South Dakota’s State Supreme Court Chief Justice David Gilbertson is pointing to the success of drug courts in reducing recidivism.  During his annual State of the Judiciary speech, Gilbertson called for similar courts for veterans and mental health.

Republicans in the South Dakota Legislature will consider several issues as part of their 2018 agenda. They hold a super majority in both the State House and Senate. House Majority Leader Lee Qualm of Platte says balancing the budget is at the top of the list. State Democrats want to advance legislation on campaign finance reform and economic development on Native American reservations in this year's session. 

South Dakota Governor Dennis Daugaard delivers his final State of the State address to a joint session of lawmakers. He discusses workforce development, teacher salaries and extending the Open Waters Compromise.

Protesters in South Dakota face new penalties if lawmakers can agree on a final version of Senate Bill 176. The protest bill started out with specific safety zones and an emergency clause. Lawmakers amended the bill as it moved through the capitol.

South Dakota lawmakers want the governor to approve a bill that offers limited immunity to people in drug overdose emergencies.  House Bill 1082 protects a person from drug prosecution when they call authorities to help someone in serious danger of overdosing.

The House Transportation Committee has approved two bills to allow new Native American design options on license plates. Senate Bill 73 provides a special plate for Native American veterans. Supporters say this allows Native Americans to denote their tribe and their military service. Senate Bill 118 allows for special plates to have the depiction of the new Dignity statue.The House Transportation Committee also passed a motorcycle license plate policy revision. The bill offers motorcyclists a choice of how they display their license plates.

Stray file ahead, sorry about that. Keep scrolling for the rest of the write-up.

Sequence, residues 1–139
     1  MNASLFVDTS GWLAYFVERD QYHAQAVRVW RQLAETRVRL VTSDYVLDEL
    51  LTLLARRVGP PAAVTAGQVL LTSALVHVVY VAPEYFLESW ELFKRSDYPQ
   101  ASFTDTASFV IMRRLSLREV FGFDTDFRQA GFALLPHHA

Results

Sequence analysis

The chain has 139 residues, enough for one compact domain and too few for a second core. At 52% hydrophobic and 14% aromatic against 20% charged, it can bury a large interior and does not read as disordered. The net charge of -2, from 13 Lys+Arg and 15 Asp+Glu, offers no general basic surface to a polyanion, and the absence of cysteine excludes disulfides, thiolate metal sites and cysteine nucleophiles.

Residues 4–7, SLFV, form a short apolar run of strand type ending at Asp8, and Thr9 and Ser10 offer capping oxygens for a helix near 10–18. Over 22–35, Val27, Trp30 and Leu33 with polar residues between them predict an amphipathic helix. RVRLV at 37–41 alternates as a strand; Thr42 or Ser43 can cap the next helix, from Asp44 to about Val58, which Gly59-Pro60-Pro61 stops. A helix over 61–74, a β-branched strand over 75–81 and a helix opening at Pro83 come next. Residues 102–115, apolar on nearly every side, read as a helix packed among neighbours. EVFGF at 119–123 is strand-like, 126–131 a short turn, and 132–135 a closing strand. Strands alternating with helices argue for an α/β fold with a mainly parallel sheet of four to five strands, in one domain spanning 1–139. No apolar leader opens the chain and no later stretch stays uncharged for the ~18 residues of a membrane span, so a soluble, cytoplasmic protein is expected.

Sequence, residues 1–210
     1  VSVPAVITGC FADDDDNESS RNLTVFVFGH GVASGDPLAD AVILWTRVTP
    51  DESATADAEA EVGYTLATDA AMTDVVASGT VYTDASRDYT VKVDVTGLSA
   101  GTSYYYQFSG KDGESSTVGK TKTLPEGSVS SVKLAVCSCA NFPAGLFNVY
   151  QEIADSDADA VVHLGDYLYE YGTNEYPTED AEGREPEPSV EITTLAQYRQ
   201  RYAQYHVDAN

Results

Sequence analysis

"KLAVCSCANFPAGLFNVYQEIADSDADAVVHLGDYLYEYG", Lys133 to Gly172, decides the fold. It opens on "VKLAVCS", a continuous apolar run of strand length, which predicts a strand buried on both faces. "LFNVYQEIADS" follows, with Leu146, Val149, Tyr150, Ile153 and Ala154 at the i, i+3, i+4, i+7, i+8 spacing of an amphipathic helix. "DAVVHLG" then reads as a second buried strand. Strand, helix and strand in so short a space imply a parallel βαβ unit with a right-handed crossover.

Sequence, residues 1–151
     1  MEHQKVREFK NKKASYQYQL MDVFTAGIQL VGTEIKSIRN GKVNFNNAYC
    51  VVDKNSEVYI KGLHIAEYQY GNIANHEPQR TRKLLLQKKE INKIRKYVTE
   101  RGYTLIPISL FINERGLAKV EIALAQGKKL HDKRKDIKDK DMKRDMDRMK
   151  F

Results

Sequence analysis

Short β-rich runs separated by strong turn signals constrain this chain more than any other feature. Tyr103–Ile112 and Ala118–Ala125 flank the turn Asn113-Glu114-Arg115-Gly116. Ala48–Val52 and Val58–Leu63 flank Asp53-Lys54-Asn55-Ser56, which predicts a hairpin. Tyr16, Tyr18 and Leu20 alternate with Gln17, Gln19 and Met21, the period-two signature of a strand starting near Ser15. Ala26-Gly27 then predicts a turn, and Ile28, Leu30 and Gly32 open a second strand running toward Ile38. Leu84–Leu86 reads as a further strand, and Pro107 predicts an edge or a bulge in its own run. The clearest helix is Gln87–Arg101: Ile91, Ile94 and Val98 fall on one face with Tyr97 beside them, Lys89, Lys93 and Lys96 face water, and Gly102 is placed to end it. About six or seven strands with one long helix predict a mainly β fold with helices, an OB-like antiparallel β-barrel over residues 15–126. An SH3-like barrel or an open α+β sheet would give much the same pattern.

The Senate Taxation Committee has deferred a pay raise bill. The measure increases pay to certain care providers. Senate Bill 169 puts an extra $15 property tax per $100,000 home value. The revenue contributes to raising community care providers wage from under $11 to over $16 an hour. Community care providers aid individuals with various mental and physical disabilities with everyday tasks and treatment.

The Senate Commerce and Energy Committee has deferred a maternity leave bill to the 41st day. Senate Bill 150 provides up to four weeks of paid maternity leave.  Mothers earn one week of paid leave for every year of full time work.

South Dakota’s House of Representatives supports a change in the state’s penalty for abortion. House Bill 1101 makes it a felony  to perform or attempt to perform an abortion when the fetus can feel pain. Right now that’s a misdemeanor. State law says a fetus feels pain at 20 weeks. The measure includes an exception for medical emergencies. 

South Dakota’s Republican Party has a new chair. 

The Senate Local Government Committee approves a bill on the process of amending the South Dakota Constitution. Senate Joint Resolution Two requires that all amendments have the support of 60% of voters. Right now, only a majority is needed to ratify an amendment.

Governor Dennis Daugaard gets to decide whether certain medical professionals must collaborate with doctors for licensing. Right now certified nurse practitioners and nurse midwives must have an official connection to a physician to get their own licenses. 

A measure that requires South Dakota high schools teach students CPR is on its way to the Senate floor. The Health and Human Service Committee passed Senate Bill 140 unanimously.

Members of a Statehouse panel are not requiring a private school scholarship fund to make donors’ names public. The House Education committee voted to kill House Bill 1125.

The House State Affairs Committee voted unanimously for a bill that creates a technical education board. The bill follows approval on Amendment R.  

The House Taxation Committee stops a bill to end the latest discussion on the state food tax. The Legislature has denied similar bills in past years. House Bill 1119 removes the state tax on food for home consumption. The bill was defeated on an 11 to three vote.

A package of legislation designed to address mental health issues in criminal justice has been presented to the legislature in Pierre. House Bill 1183 is assigned to the House Judiciary Committee. Chief Justice David Gilbertson has led the effort to reduce recidivism and increase services to mentally ill people who often end up in jail. In Rapid City, Mayor Steve Allender has tackled the lack of services for the city’s mentally ill population.